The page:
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ENGL 2900 English Tutorial

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Catalog Description

Prerequisite: Satisfactory completion of GE Block A. Small cohorts receive intensive English studies training in close critical reading, use of disciplinary terminology and modes of inquiry, and anayltical writing. Emphasis on depth, not breadth. Writing intensive (wi).

Course Description

ENGL 2900 (English Tutorial) is the first of the core courses English majors will take, and is in the form of an Oxford-style tutorial.  This pedagogical mode provides students with intensive individualized instruction at the outset of their major course work, thereby optimizing their chances of academic success and shortening time to degree. Collaborative learning in a small cohort will provide a sense of departmental identity and of early professionalization as students directly address their verbal comments and written analyses to an audience of their peers rather than a single professor.

Writing frequent low-stakes essays will increase students’ willingness to take intellectual risks, help them view essay-writing as a mode of developing ideas in conversation with others in the field, and enable them to set the agenda for their own learning, as professors base direct instruction on the students’ expressed interests and demonstrated needs. The inquiry-based tutorial model provides an organic, “real life” learning experience as students raise questions while working through one or more complex texts side-by-side with a professional scholarly reader.

ENGL 2900 is a writing-intensive (wi) course.

Learning Outcomes

Upon completion of this course, students will be able to:

  • apply discipline-specific reading strategies, particularly critical close reading, to identify and analyze a text’s thematic emphases, formal features, and generic conventions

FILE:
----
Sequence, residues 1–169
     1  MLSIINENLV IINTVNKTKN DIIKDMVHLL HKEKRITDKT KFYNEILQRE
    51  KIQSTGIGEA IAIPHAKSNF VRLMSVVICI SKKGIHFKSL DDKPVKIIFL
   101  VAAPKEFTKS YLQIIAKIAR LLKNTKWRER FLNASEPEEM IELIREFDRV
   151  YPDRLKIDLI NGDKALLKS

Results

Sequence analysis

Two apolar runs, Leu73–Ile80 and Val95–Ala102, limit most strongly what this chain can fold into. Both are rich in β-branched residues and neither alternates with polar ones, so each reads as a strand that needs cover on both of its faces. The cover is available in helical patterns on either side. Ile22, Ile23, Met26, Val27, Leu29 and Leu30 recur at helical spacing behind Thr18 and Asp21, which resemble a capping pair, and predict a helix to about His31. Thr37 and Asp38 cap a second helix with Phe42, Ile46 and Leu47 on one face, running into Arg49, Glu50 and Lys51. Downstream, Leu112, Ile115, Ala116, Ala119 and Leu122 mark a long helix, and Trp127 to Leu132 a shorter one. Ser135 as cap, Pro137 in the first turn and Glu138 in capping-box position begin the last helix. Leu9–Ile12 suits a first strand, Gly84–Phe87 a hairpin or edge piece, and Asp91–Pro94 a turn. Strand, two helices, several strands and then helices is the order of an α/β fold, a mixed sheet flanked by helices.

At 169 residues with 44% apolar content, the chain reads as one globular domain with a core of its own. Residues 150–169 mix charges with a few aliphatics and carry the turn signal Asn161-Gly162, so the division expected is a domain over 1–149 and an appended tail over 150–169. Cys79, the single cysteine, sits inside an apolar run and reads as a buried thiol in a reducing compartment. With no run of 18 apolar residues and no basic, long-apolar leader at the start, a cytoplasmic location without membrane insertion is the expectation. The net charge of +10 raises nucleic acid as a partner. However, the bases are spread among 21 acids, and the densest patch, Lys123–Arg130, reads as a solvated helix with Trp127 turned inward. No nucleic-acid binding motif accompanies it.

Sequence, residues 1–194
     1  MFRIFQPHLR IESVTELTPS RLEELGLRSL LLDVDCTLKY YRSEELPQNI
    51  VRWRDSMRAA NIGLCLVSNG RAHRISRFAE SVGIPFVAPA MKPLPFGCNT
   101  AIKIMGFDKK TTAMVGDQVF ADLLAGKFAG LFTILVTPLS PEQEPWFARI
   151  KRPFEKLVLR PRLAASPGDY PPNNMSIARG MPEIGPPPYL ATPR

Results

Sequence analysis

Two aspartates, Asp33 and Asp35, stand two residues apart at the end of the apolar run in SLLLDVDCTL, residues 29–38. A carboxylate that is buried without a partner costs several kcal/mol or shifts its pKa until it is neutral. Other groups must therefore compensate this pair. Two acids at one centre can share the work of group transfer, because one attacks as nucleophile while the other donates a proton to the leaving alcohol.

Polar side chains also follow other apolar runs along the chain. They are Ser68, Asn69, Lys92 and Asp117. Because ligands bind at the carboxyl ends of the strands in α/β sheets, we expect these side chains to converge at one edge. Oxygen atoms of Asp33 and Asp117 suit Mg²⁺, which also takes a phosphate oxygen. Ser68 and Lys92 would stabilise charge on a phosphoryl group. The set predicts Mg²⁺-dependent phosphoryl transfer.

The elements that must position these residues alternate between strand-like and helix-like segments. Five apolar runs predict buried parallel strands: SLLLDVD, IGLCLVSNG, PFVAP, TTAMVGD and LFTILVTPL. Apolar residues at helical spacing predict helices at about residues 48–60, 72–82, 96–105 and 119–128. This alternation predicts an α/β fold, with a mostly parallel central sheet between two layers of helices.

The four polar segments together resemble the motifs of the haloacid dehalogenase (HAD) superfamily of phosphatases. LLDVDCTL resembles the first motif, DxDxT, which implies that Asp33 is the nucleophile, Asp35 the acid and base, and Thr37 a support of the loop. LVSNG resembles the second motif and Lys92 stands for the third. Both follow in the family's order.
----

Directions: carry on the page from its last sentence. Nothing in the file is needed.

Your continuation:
• identify issues and problems in the text that require definition, cultural contextualization, analysis, and synthesis
  • construct viable literary arguments that are supported by salient textual details
  • narrate developments in their own increasingly nuanced reading and writing processes as they identify the assumptions and values inherent in their interpretations

Course Outline

Formal instruction in a tutorial environment will emphasize the interrelationship of reading and writing throughout the semester, during which the professor and students will read together one or two rich texts (such as a Shakespearean play and a thematically linked work of modern drama, fiction, or poetry; a longer work such as Moby Dick or Paradise Lost; a work such as Jane Eyre with its postcolonial prequel Wide Sargasso Sea, and so on). Students will demonstrate individual engagement with the texts by writing weekly response papers to the assigned reading that they will circulate to their peers prior to the class session. Professor and students will then use class time to reflect collaboratively on their individual reading practices and respond to one another’s written analyses.

The semester-long course affords students repeated guided practice of the following skills:

  1. Reading: decoding and comprehending the literal meanings of complex literary texts; using critical close reading practices to identify and explain the significance of a given text's stylistic, rhetorical, and generic features; attending to the texts’ cultural, political and historical significance; formulating increasingly sophisticated discipline-based questions about the text.
  2. Writing: generating compelling, narrowly focused essay topics that articulate an original analytical claim or thesis;  supporting arguments with evidence from the primary text; subordinating and organizing ideas within paragraphs and essays and effectively using transitions; utilizing multiple revision strategies to develop central claims thoroughly; editing to tighten wordy prose, vary sentence structure, and utilize precise diction; proofreading to correct sentence-level mechanics.
  3. Speaking: reading aloud fluently and expressively; articulating verbal arguments clearly; collaboratively exploring ideas within a discipline-based community of readers.

About the Banner: Inside the British Library Reading Room (image from